Global Commitments

 

The international community – at the governmental level and among corporations – has made several global commitments related to WEE. These are important reference points not only for policy analysis and advocacy, but also for program design.

Sustainable Development Goals

In 2015, the international community adopted a set of Sustainable Development Goals (to succeed the Millennium Development Goals) that articulated ambitious goals to be achieved by 2030. Each country is encouraged to produce a voluntary national review (VNR) annually to share progress against the SDGs at the national and sub-national level. 

This is an opportunity for civil society engagement and advocacy. Key targets that relate to WEE, and can serve as important benchmarks for accountability include:

 

Goal 3, which focuses on health and well-being includes:
  • SDG Target 3.1 By 2030, reduce the global maternal mortality ratio to less than 70 per 100,000 live births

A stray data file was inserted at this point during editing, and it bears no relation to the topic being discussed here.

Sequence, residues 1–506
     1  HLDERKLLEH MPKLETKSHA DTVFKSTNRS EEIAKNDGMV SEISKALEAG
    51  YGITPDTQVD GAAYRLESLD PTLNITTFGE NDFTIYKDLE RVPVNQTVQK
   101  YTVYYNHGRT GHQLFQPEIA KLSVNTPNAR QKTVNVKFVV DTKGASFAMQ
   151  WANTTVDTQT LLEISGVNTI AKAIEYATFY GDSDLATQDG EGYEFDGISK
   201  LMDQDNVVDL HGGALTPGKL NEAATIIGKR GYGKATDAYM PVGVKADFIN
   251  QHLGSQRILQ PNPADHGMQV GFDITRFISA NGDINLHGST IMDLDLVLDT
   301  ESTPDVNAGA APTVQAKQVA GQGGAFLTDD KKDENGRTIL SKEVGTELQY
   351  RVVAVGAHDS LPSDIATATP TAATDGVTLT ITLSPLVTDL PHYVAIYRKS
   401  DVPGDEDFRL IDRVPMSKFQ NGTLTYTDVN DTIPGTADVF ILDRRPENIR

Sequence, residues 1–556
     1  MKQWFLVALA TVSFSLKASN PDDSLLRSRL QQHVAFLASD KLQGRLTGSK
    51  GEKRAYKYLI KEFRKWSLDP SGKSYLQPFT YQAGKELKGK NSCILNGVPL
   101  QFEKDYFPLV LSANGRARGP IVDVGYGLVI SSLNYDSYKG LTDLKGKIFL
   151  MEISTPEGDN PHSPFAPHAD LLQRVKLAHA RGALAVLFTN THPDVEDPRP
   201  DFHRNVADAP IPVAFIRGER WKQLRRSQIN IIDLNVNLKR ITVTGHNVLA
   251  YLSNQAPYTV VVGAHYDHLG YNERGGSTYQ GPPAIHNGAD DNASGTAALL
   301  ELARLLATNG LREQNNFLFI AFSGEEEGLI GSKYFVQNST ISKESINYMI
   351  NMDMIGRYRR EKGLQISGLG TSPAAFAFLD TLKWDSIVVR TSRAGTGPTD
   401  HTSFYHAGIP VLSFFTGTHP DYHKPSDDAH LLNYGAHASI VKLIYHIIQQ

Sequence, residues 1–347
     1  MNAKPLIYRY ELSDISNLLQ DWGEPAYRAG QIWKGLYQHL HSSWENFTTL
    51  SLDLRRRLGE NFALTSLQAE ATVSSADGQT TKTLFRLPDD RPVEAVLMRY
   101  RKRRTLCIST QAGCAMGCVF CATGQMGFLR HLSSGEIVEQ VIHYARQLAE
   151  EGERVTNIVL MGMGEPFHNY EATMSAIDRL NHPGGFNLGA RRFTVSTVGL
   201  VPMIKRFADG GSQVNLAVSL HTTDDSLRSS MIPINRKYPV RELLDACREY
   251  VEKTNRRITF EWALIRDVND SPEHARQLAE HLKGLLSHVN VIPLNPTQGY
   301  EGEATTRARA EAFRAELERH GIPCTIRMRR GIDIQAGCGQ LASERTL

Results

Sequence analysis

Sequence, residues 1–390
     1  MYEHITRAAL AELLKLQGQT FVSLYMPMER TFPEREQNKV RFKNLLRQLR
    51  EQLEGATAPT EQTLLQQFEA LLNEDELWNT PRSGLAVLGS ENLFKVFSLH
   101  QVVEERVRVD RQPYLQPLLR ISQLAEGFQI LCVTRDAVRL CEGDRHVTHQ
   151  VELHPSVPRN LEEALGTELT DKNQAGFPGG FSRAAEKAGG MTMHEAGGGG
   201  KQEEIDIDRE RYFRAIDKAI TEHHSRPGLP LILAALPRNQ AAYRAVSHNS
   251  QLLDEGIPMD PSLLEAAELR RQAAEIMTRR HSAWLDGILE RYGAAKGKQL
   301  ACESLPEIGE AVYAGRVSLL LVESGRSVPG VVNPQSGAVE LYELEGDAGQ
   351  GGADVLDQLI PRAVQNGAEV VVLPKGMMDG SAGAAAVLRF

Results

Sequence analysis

• SDG Target 3.3 By 2030, end the epidemics of AIDS, tuberculosis, malaria and neglected tropical diseases and combat hepatitis, water-borne diseases and other communicable diseases

  • SDG Target 3.7 By 2030, ensure universal access to sexual and reproductive health-care services, including for family planning, information and education, and the integration of reproductive health into national strategies and programmes

  • SDG Target 3.8 Achieve universal health coverage, including financial risk protection, access to quality essential health-care services and access to safe, effective, quality and affordable essential medicines and vaccines for all

 

Goal 5, which focuses on “achiev[ing] gender equality and empower[ing] all women and girls,”. Relevant targets include:
  • SDG Target 5.1 End all forms of discrimination against all women and girls everywhere

  • SDG Target 5.2 Eliminate all forms of violence against all women and girls in the public and private spheres, including trafficking and sexual and other types of exploitation

  • SDG Target 5.4 Recognize and value unpaid care and domestic work through the provision of public services, infrastructure and social protection policies and the promotion of shared responsibility within the household and the family as nationally appropriate

  • SDG Target 5.5 Ensure women’s full and effective participation and equal opportunities for leadership at all levels of decision-making in political, economic and public life